Daryl Gregory’s assortment Unpossible options a number of quick tales impressed by neuroscience, together with “Digital,” during which a person’s consciousness migrates from his head into his finger, and “Glass,” during which sociopaths are “cured” by activating their mirror neurons.
“It’s great to have a job where you get permission to feed your hobby and buy as many books as you want, and so I keep buying neuroscience books,” Gregory says in Episode 484 of the Geek’s Guide to the Galaxy podcast. “I’m endlessly fascinated by that stuff, and so I’m always looking for ways to make that into stories.”
In his story “Dead Horse Point,” a genius physicist suffers from a wierd situation that causes her to vanish into her personal thoughts for weeks at a time. Gregory says the story was impressed by a pal of his. “He wasn’t completely dysfunctional like the character in my story, but he was a really gifted mathematician, and when he was working on a hard problem, he would—for days at a time—he would drift around, he would eat automatically, he would barely talk to people,” Gregory says. “He had to stop doing that when he had kids, because you can’t just walk away from your children and come back three days later and see if they’re OK.”
One of essentially the most fascinating tales within the e book is “Second Person, Present Tense,” during which a young person takes a drug that disrupts the connection between her acutely aware thoughts and the remainder of her mind. “She overdoses on this drug,” Gregory says, “and then a new consciousness sort of steps in, and she knows exactly what happened—she has access even to the old person’s memories—but her identity does not feel like that person. She feels like a new consciousness.”
Gregory thought the thought was full fiction, however later realized it’s one thing that may really occur. “I got an email from a guy who’s a professor, and he’s like, ‘I read this story, and this happened to me, except it wasn’t a drug, it was a motorcycle accident. When I woke up in the hospital, I knew I was a different person, but I wasn’t as brave as your protagonist—I kept faking my way through it,’” Gregory says. “He just was trying to get by, even though he knew he had nothing to do with that previous person who had the motorcycle accident.”
Listen to the entire interview with Daryl Gregory in Episode 484 of Geek’s Guide to the Galaxy (above). And try some highlights from the dialogue beneath.
Daryl Gregory on his story “The Continuing Adventures of Rocket Boy”:
“[Gordon Van Gelder] did me a great service on ‘The Continuing Adventures of Rocket Boy,’ which is in the collection, and which Gordon published. … He actually said, ‘Look, this is not actually a science fiction story. It’s a mainstream story about science fiction. So I just can’t take it, I can’t buy the story.’ And I said, ‘Yeah, that makes sense.’ But I said, ‘You know, I really hope that people in science fiction would read it, because it’s about me as a reader, growing up.’ I went on to write other stories for Gordon, and then he came back to me and said, ‘Look, I can’t stop thinking about that story. Let’s run it.’ And he did run it, but with a disclaimer—not for sex or violence, but for the disturbing lack of genre content.”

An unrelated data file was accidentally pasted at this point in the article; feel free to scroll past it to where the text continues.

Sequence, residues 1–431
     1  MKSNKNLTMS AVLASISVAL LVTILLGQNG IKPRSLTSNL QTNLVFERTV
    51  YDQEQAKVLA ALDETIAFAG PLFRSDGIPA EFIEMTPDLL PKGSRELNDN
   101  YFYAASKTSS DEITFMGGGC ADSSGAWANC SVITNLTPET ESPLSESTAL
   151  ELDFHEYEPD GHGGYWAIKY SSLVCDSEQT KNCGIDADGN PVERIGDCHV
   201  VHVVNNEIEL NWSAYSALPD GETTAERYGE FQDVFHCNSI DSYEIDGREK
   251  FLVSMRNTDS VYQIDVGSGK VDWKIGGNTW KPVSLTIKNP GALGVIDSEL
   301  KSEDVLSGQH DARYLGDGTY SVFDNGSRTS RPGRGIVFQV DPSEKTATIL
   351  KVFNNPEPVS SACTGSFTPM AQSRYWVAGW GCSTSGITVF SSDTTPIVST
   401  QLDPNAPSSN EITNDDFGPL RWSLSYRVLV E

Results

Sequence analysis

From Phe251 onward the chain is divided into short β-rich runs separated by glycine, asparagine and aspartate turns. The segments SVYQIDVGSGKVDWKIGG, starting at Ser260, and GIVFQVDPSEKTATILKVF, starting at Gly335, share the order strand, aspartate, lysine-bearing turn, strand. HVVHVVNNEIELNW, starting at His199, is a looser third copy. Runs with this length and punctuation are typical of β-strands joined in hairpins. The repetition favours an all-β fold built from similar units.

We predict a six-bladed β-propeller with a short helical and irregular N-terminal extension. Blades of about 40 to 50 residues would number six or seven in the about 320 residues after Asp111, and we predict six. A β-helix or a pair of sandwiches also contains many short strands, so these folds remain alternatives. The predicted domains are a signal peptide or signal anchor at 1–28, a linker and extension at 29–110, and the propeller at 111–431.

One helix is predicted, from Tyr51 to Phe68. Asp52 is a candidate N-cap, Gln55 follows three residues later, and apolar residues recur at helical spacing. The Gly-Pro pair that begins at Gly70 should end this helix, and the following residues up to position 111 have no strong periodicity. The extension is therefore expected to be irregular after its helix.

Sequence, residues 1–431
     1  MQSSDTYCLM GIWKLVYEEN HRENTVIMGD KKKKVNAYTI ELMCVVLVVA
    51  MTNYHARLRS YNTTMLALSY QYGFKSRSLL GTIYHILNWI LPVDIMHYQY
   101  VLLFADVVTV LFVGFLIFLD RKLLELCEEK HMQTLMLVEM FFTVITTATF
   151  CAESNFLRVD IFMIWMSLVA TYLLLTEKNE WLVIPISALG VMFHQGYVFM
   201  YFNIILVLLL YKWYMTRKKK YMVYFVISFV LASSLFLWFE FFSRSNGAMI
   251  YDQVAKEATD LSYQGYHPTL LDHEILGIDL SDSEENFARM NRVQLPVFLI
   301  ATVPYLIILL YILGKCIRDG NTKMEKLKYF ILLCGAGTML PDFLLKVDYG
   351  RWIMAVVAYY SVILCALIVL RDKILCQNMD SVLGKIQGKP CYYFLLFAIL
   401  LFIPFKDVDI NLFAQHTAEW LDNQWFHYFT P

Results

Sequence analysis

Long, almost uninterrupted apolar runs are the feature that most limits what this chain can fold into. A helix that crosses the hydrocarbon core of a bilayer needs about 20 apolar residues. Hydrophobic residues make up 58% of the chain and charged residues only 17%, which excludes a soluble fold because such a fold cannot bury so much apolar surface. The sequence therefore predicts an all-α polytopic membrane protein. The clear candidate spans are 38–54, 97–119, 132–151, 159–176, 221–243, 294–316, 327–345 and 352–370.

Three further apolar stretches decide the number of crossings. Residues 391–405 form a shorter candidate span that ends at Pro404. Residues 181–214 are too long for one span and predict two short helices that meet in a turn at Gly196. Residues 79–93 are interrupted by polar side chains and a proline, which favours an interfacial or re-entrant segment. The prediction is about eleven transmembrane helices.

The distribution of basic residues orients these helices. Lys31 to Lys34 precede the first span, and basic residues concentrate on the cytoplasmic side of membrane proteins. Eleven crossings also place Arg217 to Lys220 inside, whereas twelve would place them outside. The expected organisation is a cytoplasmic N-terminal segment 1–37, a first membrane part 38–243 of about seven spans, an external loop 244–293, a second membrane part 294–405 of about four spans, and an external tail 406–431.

Daryl Gregory on his novel Revelator:
“I’m really interested in the idea of gods that aren’t quite gods, demons that aren’t really demons. So like in this new book Revelator, there’s a family in the Smoky Mountains, in the 1930s and ’40s, and for generations they’ve been worshiping their own private god, and they’ve declared it a god, but what is it really? One of the mysteries of the book is, ‘Well, what is this thing? We’ve sort of made it into a god, and it’s doing things, and it seems to be supernatural, but is there another, science fiction explanation for it?’ … One of the secrets of the book is that it’s a crypto science fiction novel. I wrote it in such a way that it feels like horror and fantasy, but there’s a scientific explanation for every single thing that’s going on in the story.”
Daryl Gregory on Roger Zelazny:
“I grew up reading people like Roger Zelazny who would mix science fiction and fantasy. … Zelazny wrote this great novel that had such an influence on me called Lord of Light, where it’s basically a science fiction space opera about a far future civilization that crash landed—we learn later they came in a ship—but their high tech, for some of the original crew members, makes them into gods, and they assume aspects of the Hindu pantheon. It’s fantastic. It blew my mind when I read it sophomore year of high school, and when you read something at that age, it can carve a deep groove into your brain. And so part of me still, years later, wants to be Roger Zelazny more than anything. I want to grow up to be him.”
Daryl Gregory on his novella The Album of Dr. Moreau:
“I thought, ‘OK, all the suspects are going to be these human-animal hybrids—there’s a bat boy and an elephant boy, and all of them are going to be suspects.’ … I had these five guys who were born on a secret science barge and raised by evil genetic engineers, and they’d spent all this time together, and so finding out how they would talk to each other, like brothers, and how each of them would have a distinct personality, that was the most fun of the book. So before I ever started really any of the plot, I would sit and let them talk to each other—I would just keep typing, trying to come up with dialogue — and that’s where I found the book, was in these five guys, the way they would bicker, and how each of them would be funny in a different way.”